anonymous
  • anonymous
Number of ways of distributing \(n\) identical things among \(r\) persons when each person can get any number of things. @Zarkon
Mathematics
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SOLVED
At vero eos et accusamus et iusto odio dignissimos ducimus qui blanditiis praesentium voluptatum deleniti atque corrupti quos dolores et quas molestias excepturi sint occaecati cupiditate non provident, similique sunt in culpa qui officia deserunt mollitia animi, id est laborum et dolorum fuga. Et harum quidem rerum facilis est et expedita distinctio. Nam libero tempore, cum soluta nobis est eligendi optio cumque nihil impedit quo minus id quod maxime placeat facere possimus, omnis voluptas assumenda est, omnis dolor repellendus. Itaque earum rerum hic tenetur a sapiente delectus, ut aut reiciendis voluptatibus maiores alias consequatur aut perferendis doloribus asperiores repellat.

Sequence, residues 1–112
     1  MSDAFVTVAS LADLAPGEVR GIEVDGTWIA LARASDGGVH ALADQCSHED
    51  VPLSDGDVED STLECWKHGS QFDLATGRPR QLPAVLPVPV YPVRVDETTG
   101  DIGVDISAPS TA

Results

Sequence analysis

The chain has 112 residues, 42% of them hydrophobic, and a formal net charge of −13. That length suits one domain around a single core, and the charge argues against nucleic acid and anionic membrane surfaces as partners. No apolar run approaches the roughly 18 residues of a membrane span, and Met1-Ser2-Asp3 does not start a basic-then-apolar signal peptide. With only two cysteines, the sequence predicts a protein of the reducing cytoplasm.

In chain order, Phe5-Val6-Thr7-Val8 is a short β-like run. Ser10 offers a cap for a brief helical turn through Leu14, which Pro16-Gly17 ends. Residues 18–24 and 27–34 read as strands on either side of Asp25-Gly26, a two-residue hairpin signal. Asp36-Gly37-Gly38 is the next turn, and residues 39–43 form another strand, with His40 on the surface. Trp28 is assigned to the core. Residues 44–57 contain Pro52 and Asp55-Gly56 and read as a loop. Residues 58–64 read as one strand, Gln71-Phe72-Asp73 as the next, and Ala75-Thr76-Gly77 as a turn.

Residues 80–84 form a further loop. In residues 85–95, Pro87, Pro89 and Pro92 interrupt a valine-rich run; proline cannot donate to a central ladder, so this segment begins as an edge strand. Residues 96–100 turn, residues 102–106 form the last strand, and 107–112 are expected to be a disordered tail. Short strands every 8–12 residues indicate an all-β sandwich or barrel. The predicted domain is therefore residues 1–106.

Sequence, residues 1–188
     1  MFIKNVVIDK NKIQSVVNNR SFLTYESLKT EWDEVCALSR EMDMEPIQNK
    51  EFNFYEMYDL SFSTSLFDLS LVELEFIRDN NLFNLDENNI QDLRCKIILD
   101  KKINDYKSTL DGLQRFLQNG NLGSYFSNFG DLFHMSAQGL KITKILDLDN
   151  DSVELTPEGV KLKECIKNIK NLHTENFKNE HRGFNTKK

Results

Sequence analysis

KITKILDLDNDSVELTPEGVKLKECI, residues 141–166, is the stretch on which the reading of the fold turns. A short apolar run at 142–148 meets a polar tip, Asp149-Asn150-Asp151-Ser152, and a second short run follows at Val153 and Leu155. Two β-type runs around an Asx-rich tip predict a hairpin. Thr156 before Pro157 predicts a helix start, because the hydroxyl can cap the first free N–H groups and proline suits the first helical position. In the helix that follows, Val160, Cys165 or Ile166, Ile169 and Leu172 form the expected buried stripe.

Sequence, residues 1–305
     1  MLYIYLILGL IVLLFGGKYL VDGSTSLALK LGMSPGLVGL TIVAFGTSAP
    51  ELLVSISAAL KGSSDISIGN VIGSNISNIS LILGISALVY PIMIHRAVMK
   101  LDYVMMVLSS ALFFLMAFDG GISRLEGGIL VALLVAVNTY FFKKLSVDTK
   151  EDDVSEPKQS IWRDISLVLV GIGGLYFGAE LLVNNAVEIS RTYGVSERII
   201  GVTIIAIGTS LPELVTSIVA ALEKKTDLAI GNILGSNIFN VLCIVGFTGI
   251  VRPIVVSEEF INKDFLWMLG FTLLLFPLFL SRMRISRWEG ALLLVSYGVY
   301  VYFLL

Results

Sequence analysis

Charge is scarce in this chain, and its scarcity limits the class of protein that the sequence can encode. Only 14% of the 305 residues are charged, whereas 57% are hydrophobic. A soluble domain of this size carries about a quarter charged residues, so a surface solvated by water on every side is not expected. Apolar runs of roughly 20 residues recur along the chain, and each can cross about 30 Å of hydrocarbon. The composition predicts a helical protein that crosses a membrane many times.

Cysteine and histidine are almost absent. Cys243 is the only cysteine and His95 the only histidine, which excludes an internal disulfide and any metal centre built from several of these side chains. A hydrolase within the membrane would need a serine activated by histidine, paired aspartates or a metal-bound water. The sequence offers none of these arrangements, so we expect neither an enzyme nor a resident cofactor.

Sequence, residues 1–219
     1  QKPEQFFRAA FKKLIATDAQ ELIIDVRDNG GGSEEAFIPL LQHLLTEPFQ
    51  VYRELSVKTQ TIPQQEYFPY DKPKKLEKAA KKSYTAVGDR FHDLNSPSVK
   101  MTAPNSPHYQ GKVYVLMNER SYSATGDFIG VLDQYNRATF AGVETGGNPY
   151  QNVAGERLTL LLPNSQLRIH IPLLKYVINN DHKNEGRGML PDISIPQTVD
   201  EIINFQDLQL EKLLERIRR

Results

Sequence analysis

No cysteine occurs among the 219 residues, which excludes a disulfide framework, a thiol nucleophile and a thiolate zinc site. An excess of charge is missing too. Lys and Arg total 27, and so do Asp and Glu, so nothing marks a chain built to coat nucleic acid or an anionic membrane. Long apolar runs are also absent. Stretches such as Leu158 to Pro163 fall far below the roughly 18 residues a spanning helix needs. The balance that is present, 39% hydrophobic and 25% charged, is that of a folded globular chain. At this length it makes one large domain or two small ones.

jamiebookeater
  • jamiebookeater
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anonymous
  • anonymous
Usually it should be \(\binom{n}r\) but since each person can get any number of things including zero. I made it \(\binom{n+r}{r}\) but in the book it's given \(\binom{n+r-1}{r}\)
Zarkon
  • Zarkon
stars and bars ;)
KingGeorge
  • KingGeorge
I believe this could be solved with the equation \[x_1+x_2+...+x_r=n.\]Where every \(x_i\) gets an integer greater than or equal to 0. Solving this problem is well known as the "Stars and Bars" problem and is given by \[\left(\!\!\binom{n}{r}\!\!\right)=\binom{n+r-1}{r}\] You have that \(-1\) because that's how many symbols you have if you write out every integer as a star, and every plus sign as a bar.

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Zarkon
  • Zarkon
http://en.wikipedia.org/wiki/Stars_and_bars_%28combinatorics%29
anonymous
  • anonymous
Thank you. Please medal each-other.

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